The biggest division in the plaintiffs’ bar is the split between the larger, higher-profile, and more well-established securities plaintiffs’ law firms, and the recently more active breed of smaller and more prolific plaintiffs’ law firms. As well documented in a blog post on this site by Professor Michael Klausner and Jason Hegland of Stanford Law School, these recently more active smaller law firms, whom Klausner and Hegland call “emerging law firms,” are responsible in significant part not only for the recent increase in securities suit filings, but are also responsible for an overall decline in average case quality. In moments of candor, the attorneys at the larger and better established plaintiffs’ law firms are disdainful of these firms’ actions, and are even express alarm that these smaller firms’ propensity to file a high volume of less meritorious lawsuits presents a threat to overall business model.


Another related but different split within the plaintiffs’ bar is between those whose business model is to try to file a lawsuit every time a merger is announced and those in the plaintiffs’ bar who see this proliferation of litigation as much as a problem as the defense bar does. The larger and more experienced firms want to keep all procedural alternatives available to represent their clients’ interests when circumstances arise where litigation is the appropriate step in response to a proposed merger transaction. These larger more experienced firms are concerned that judicial and legislative responses to the rash of merger objection lawsuits will undermine their ability to pursue more meritorious cases when circumstances require.


One final comment about plaintiffs’ bar’s supposed coherence. Some of the nastiest disputes out there are the fights that frequently emerge between various plaintiffs’ firms about the division of their fees. While it is true that the plaintiffs’ bar is smaller than the defense bar, it is in its own way riven by division and contentiousness.


While I also have many thoughts about Greene’s comments about the defense bar, in the interests of brevity, I want to turn to Greene’s suggestions for bringing about greater D&O insurer in the claims process. In this respect, I want to address some of the basic premises behind Greene’s specific suggestions.


First and foremost, while I agree that greater cooperation between defense counsel and the D&O insurers would serve claims-handling and claims-resolution efficiency, I am not as sanguine about the D&O insurers taken as a whole as Greene is. Greene is much more positive about D&O insurers’ claims handling practices than I am afraid I can be, and I say that as someone who spent the first half of my career on the carrier side. Among other things, Greene says, in support of his proposal for greater D&O claims involvement, “there is very little D&O insurance coverage litigation.” On its face, this is true, especially relative to the volume of coverage litigation we used to see in the 80s and 90s. As the policy has opened up and has coverage has expanded, there are simply fewer issues for the carriers to litigate.


The reduction in litigation does not mean that the carriers are not disputing claims and resisting claims payments. Indeed, I spend that better part of every single day battling with D&O insurers on claims issues, all too often fighting with them on claims positions they have taken that are at best a stretch and at worst unwarranted and unjustified.  Greene says, and I agree, that “a D&O insurer’s business is not to avoid paying claims.” Unfortunately, there are a number of front line D&O claims representatives who never saw that particular memo.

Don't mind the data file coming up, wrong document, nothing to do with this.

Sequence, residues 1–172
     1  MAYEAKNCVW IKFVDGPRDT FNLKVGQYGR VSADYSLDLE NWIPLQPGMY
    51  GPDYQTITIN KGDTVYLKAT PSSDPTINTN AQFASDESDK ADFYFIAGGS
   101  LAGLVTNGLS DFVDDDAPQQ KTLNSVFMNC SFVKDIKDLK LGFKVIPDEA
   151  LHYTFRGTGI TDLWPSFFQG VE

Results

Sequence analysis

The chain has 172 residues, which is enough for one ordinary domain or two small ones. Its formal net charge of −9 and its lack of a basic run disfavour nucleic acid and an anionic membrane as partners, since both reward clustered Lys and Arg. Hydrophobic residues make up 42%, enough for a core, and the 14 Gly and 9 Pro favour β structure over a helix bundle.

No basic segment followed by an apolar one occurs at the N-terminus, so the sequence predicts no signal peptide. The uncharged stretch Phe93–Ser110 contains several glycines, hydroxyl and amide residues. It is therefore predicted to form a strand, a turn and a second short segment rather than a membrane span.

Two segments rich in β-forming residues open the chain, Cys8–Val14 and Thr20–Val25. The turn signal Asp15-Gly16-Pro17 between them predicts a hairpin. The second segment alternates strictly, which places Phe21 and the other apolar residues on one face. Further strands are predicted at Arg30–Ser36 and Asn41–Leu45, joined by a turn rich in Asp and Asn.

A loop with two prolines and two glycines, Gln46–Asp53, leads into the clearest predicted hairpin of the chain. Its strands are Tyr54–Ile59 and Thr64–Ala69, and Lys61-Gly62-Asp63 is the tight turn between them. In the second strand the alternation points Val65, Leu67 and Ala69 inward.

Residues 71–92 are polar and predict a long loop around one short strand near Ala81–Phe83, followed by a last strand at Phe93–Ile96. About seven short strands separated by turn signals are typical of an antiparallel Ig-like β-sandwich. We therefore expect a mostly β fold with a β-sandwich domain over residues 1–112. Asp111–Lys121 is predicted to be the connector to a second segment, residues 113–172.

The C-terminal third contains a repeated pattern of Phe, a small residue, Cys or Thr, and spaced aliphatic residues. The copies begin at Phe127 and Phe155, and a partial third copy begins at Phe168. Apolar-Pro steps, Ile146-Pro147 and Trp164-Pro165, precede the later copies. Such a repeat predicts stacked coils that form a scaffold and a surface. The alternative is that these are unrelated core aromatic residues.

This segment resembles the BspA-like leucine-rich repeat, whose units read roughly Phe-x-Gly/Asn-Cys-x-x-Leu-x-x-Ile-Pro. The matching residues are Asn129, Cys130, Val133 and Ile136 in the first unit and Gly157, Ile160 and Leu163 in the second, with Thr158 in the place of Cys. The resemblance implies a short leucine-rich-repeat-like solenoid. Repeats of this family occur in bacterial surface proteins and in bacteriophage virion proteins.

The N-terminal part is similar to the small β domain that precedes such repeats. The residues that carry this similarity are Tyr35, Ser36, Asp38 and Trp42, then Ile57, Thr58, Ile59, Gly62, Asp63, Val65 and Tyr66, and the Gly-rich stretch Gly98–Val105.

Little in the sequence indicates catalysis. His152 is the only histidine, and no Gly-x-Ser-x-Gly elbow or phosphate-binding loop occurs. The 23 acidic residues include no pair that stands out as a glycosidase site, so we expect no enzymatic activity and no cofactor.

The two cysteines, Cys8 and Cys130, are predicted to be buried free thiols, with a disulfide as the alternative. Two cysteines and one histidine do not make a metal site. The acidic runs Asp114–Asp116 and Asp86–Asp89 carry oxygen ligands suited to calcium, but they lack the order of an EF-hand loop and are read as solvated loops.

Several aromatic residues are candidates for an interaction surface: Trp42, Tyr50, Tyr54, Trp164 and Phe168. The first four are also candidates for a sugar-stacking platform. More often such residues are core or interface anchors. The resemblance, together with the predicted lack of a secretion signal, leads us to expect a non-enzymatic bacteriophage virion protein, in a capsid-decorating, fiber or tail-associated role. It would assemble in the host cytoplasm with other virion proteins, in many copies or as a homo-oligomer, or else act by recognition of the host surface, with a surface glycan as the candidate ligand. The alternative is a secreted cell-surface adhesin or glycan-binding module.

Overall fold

To be sure, many of the claims that are taking up my time are not the kind of public company D&O claims in which Greene is involved and all too often the very experienced claims representatives of the type that Greene lauds are not involved in these claims. But I have to say I am sometimes discouraged by the quality of the claims response of some D&O insurers. I hasten to add that there are many skilled claims representatives to whom these criticisms do not apply, but unfortunately there are others to whom these criticisms are applicable.


The problem for everyone arising from the combative mode some D&O insurers sometimes adopt is that other process participants become conditioned to be wary of the insurers. This wariness has a corrosive effect on the claim process. The wariness also undermines the kind of salutary collaboration that Greene advocates and that I discussed above. Greene emphasizes the need for defense counsel to adopt a more collaborative approach, which sentiment I applaud. At the same time, there is a fundamental need for D&O insurers on their part to examine their own claims practices. If insurers want to be viewed as collaborative partners, they have to eliminate claim practices that sow distrust.


One of the most important propositions Greene makes in his series of articles is that in order for the defense side to start doing a better job “winning the war,” the D&O insurers should play “a unifying role” across all categories of defendants. This is an intriguing proposition and one that is worthy of examination and discussion. I have several points to make about this observation.


First, I want to make a point about the D&O industry. In support of his proposal for greater D&O control, Greene suggests that “though the number of insurers may seem large to many, from my perspective it is a relatively small and close-knit group.” At one level, I think I know what Greene means. But at another level, the evidence sometimes is to the contrary. Experience even across just a few individual claims suggests that the insurers do not always function as a cohesive group and their separate views of their own interests often do not align. Even just on the individual claim level, it is a frequent occurrence that the upper level excess insurers are antagonistic with the primary and lower level excess insurers. All too frequently, there is disagreement (sometimes vehement) over whether coverage positions are merited or should be asserted. ( I have recently seen some particularly unpleasant disputes in that regard.) That propensity for fractiousness that can complicate individual claims is equally present when it comes to more collective or general action.